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The Bigot and the Anti-Bigot

October 21st, 2017 Leave a comment Go to comments

In Luke’s gospel Jesus tells a parable about two men in the temple, a Pharisee and a tax collector, presenting themselves to God. (Luke 18:9-14) We should note at the beginning that Jesus’ parables were never intended to make his listeners, including us, comfortable. He didn’t tell the story of the Good Samaritan to point out how kind and merciful the Jews of his time were, but to rebuke them for their hard-heartedness. (Luke 10:25-37) The same is true of this parable. Jesus doesn’t want us to think we’re the good guys, but to notice where we need correction.

In Jesus’ time, a tax collector was someone despised by the people. Tax collectors worked for the Roman authorities and could use the power of Rome to extort money from their neighbors. In contemporary society we could probably equate brutal gang members with the tax collectors of Jesus’ time, at least insofar as they are regarded by the “good” folks. On the other hand, and we might have a hard time imagining this if we are familiar with Jesus’ relationship with the Pharisees, they were the good folks. They were the upstanding righteous followers of the law and social norms.

In the parable, the tax collector is keenly aware of his sin, refusing even to raise his eyes to heaven, and he begs God for mercy. The Pharisee, standing a little way off, turns his eyes to heaven and brags on himself (justifies himself) to God. He begins his “prayer” with thanksgiving that he is “not like the rest of humanity – greedy, dishonest, adulterous—or even like this tax collector.” (Luke 18:11 NABRE) He then goes on to list the evidences of his righteousness. But at the end of the story, Jesus shocks his listeners by saying it was the tax collector, and not the Pharisee, who received God’s mercy.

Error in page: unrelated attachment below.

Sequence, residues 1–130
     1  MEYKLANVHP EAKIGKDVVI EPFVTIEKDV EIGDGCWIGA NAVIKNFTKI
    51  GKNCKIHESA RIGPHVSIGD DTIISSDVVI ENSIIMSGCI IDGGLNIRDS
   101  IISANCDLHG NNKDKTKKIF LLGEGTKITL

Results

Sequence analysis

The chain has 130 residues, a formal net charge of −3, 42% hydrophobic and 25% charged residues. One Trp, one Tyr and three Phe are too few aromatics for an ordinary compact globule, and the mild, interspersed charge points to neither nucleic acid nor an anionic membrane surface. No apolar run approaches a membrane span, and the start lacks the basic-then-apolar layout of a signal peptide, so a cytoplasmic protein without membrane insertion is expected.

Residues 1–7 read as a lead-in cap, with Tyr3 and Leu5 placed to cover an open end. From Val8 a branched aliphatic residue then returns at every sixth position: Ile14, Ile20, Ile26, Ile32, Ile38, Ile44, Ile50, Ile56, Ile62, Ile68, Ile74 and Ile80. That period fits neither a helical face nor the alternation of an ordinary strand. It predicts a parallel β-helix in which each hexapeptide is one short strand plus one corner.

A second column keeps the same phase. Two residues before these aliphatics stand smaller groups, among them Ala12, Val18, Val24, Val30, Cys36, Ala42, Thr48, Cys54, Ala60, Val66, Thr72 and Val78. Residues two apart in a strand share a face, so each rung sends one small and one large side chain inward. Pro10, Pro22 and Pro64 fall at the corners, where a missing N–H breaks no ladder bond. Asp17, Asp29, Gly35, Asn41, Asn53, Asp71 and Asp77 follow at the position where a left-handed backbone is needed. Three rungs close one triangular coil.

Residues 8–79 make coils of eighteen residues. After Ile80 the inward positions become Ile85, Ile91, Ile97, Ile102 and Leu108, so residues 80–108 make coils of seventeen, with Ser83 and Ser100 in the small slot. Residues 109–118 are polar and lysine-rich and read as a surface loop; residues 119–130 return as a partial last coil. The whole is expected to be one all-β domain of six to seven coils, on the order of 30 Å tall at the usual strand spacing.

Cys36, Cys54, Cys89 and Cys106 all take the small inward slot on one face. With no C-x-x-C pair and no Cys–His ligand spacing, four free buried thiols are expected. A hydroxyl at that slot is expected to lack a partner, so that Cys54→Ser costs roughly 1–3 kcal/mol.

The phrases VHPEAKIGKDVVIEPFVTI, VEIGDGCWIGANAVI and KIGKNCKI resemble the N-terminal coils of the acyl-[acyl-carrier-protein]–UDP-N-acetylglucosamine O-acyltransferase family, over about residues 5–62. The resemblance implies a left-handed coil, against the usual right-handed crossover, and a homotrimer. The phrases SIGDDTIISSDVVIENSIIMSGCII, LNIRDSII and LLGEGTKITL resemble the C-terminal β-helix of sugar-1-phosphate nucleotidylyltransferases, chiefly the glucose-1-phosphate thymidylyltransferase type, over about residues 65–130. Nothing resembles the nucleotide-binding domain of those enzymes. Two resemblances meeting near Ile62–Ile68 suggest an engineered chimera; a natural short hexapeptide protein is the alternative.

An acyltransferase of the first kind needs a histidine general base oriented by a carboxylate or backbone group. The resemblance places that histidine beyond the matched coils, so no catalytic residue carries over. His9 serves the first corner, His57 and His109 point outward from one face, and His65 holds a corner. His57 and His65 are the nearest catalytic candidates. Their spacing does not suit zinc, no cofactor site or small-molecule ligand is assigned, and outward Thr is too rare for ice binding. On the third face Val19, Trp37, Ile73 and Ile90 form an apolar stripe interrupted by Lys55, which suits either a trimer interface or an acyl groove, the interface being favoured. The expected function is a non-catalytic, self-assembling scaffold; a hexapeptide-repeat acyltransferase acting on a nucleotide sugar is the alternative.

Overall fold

Like most of the parables this one is packed with meaning. But what we might notice here is not what the story says, but our own reaction to it. I would be willing to bet that most of us, after we get the significance of the story, say to ourselves, “Thank God I’m not like that Pharisee!” And of course, the whole point of the story is that we are the Pharisee.

For example, if the polls are to be believed (and I think they are), a majority of Americans are strongly opposed to the racist and nationalist bigotry that has reared its ugly head in our national discourse. And we cheer when we see champions come forward to publicly denounce it, as both Senator John McCain and former President George W. Bush did this week.[1] But our response isn’t to look inward to correct our own faults, rather to point our fingers at the subjects of the condemnations and say, “Thank God I’m not like them!” We level accusations against those we oppose, telling them how their self-righteousness really offends our own self-righteousness, blind to the fact that we are actually enacting what we are condemning. We use appeals to higher action not to spur us on to higher action, but to tear down our “enemies.” And by doing so, we become what we denounce.

Ugliness is ugly, even when it comes from the “good” folks.

[1] Paul Kane, “McCain condemns ‘half-baked, spurious nationalism’ in clear shot at Trump,” Los Angeles Times, October 18, 2017, accessed October 21, 2017, http://www.latimes.com/nation/ct-john-mccain-liberty-medal-20171016-story.html.; John Barabak, “In stunning attack, George W. Bush rebukes Trump, suggesting he promotes falsehoods and prejudice,” Los Angeles Times, October 19, 2017, accessed October 21, 2017, http://www.latimes.com/politics/la-na-pol-trump-bush-speech-20171019-story.html.

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